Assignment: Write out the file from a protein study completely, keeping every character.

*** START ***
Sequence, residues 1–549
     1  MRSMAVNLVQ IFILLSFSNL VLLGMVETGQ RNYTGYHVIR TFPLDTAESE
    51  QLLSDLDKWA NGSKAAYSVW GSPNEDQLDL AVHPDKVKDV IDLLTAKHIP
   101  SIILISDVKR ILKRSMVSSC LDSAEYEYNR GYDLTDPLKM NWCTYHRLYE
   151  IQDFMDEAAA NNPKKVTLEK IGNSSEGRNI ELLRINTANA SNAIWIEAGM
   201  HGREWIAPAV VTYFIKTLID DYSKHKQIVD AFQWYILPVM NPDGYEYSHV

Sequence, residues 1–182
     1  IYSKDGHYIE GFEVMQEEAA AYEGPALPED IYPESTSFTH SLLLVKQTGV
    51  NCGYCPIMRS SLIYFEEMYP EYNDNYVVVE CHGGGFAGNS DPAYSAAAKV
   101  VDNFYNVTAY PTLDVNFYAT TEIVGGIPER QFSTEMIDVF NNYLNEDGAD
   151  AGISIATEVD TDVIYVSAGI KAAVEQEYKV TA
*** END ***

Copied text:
Sequence, residues 1–549
     1  MRSMAVNLVQ IFILLSFSNL VLLGMVETGQ RNYTGYHVIR TFPLDTAESE
    51  QLLSDLDKWA NGSKAAYSVW GSPNEDQLDL AVHPDKVKDV IDLLTAKHIP
   101  SIILISDVKR ILKRSMVSSC LDSAEYEYNR GYDLTDPLKM NWCTYHRLYE
   151  IQDFMDEAAA NNPKKVTLEK IGNSSEGRNI ELLRINTANA SNAIWIEAGM
   201  HGREWIAPAV VTYFIKTLID DYSKHKQIVD AFQWYILPVM NPDGYEYSHV

Sequence, residues 1–182
     1  IYSKDGHYIE GFEVMQEEAA AYEGPALPED IYPESTSFTH SLLLVKQTGV
    51  NCGYCPIMRS SLIYFEEMYP EYNDNYVVVE CHGGGFAGNS DPAYSAAAKV
   101  VDNFYNVTAY PTLDVNFYAT TEIVGGIPER QFSTEMIDVF NNYLNEDGAD
   151  AGISIATEVD TDVIYVSAGI KAAVEQEYKV TA